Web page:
Skinny Me by Charlene Carr
Reviewed 19 April 2015
3.5 / 5 Stars
Jennifer Carpenter dreams of being a different person – A person with confidence, a person with beauty, a person who weighs a heck of a lot less.
At twenty-seven, her world falls apart. She’s out of work, her mother has died, her estranged brother is in a coma and, despite good qualifications, each and every job interview ends in another rejection. Marked by the teasing, taunts, and fat jokes that defined her childhood, Jennifer blames her current lack of success on her ever-growing waist band.
In need of a change, Jennifer puts her dream of ‘skinny’ above all else. Obsessed with this mission, she devotes her life to becoming the ideal version of herself even if it means becoming alienated from the only people who love her. Determined to lose the weight she believes is ruining her life, Jennifer finds herself in danger of losing so much more
I was contacted by Charlene Carr and offered a free e-copy of this book in exchange for an honest review.
As I was reading Skinny Me, I couldn’t help but develop a bad taste for Jennifer. I’ve had family that have lost hundreds of pounds and I understood that there is more to getting healthy than the physical side. It’s an emotional battle. And yes, by the end, Jennifer redeems some of her more unlikeable qualities from earlier in the book. But the way she treated people, especially her own cousin who was nothing but kind to her for the entirety of her life? That really bothered me.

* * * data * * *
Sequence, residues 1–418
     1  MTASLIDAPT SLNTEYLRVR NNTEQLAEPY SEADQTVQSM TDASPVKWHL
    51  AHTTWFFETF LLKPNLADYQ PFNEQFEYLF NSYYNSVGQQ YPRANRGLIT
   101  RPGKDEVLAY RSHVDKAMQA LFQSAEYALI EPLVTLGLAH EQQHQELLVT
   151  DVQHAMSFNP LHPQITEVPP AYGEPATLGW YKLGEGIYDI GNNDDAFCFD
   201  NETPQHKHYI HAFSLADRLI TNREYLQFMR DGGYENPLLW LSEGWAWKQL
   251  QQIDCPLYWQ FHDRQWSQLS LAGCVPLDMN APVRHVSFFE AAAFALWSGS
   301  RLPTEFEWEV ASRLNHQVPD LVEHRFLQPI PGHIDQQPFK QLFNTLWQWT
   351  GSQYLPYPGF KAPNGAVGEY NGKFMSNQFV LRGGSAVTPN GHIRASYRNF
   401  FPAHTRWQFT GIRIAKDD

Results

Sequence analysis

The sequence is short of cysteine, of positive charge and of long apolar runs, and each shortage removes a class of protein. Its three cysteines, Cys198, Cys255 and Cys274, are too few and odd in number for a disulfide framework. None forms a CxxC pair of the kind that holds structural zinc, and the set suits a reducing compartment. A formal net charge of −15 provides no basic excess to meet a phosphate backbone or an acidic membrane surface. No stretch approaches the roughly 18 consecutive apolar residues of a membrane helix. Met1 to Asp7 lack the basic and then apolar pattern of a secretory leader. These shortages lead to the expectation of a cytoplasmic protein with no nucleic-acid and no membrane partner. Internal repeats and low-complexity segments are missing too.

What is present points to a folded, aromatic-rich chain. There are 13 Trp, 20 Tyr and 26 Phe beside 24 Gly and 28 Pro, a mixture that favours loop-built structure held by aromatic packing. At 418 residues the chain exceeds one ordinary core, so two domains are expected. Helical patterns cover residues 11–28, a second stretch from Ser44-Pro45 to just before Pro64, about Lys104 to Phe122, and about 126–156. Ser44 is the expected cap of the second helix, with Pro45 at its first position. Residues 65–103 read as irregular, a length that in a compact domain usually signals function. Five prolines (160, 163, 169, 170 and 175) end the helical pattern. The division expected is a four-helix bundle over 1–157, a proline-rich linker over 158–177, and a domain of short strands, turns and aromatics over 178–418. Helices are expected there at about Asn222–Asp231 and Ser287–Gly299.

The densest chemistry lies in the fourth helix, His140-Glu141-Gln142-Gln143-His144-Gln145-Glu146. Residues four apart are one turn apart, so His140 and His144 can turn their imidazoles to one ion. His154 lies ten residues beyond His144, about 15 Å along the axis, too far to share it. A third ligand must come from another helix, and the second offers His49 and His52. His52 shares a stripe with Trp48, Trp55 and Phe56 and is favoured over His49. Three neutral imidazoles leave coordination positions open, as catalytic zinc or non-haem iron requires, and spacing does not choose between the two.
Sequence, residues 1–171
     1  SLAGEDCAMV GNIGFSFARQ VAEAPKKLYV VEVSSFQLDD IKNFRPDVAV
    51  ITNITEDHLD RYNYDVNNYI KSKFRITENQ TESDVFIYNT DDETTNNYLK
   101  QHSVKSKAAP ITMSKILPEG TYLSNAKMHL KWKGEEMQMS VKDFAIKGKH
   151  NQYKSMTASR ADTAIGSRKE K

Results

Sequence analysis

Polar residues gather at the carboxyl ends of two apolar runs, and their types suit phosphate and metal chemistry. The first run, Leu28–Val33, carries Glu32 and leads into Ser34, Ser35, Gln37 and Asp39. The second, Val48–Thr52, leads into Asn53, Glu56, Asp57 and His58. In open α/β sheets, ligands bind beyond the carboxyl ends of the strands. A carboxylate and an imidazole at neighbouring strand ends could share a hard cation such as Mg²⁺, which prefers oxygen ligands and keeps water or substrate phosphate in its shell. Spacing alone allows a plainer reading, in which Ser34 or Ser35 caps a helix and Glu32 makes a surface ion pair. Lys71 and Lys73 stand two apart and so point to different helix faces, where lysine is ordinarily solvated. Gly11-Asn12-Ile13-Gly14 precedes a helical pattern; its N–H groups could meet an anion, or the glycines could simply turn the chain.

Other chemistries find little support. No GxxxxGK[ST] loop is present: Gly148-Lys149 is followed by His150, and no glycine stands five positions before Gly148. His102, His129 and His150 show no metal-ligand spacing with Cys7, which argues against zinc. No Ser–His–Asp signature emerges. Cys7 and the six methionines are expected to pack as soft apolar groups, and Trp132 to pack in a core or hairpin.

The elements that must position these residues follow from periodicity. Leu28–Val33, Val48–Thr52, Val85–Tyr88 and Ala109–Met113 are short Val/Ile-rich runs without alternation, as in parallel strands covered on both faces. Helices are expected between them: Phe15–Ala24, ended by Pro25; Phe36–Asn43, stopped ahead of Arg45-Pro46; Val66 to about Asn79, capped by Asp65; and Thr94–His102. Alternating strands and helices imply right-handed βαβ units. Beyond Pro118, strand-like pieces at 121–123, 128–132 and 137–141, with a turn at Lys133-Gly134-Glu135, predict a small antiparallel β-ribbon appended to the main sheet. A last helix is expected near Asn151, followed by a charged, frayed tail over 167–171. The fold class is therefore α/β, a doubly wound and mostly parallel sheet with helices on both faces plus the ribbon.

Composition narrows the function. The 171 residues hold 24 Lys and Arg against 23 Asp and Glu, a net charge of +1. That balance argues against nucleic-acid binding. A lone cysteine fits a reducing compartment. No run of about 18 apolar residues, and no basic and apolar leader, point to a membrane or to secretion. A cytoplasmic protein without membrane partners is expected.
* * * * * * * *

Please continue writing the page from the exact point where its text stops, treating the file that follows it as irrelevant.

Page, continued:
Even when she was trying to be happy with herself she was still jealous of what others had. It seemed very petty and childish and as though she wouldn’t be able to flip a switch with those sorts of character traits holding her back.
She wasn’t the worst character though. And I enjoyed all the other characters and their diversity. Part of me thinks Jenn was written as a character we were meant to “love to hate.” Kudos to Carr for achieving that, as it’s not an easy feat.
The plot was sound and wrapped up nicely, though rather quickly.
Overall a good, quick read. Just be prepared to not love Jenn. She’ll make you roll your eyes and appreciate what you have for how little she appreciates everything she’s been granted. But she definitely portrays how extreme the mental aspect of losing weight can be.
I don’t know that I would ever go out of my way to recommend this book to someone. But it was a nice change of pace for me and gave me a different perspective on a subject I don’t know much about.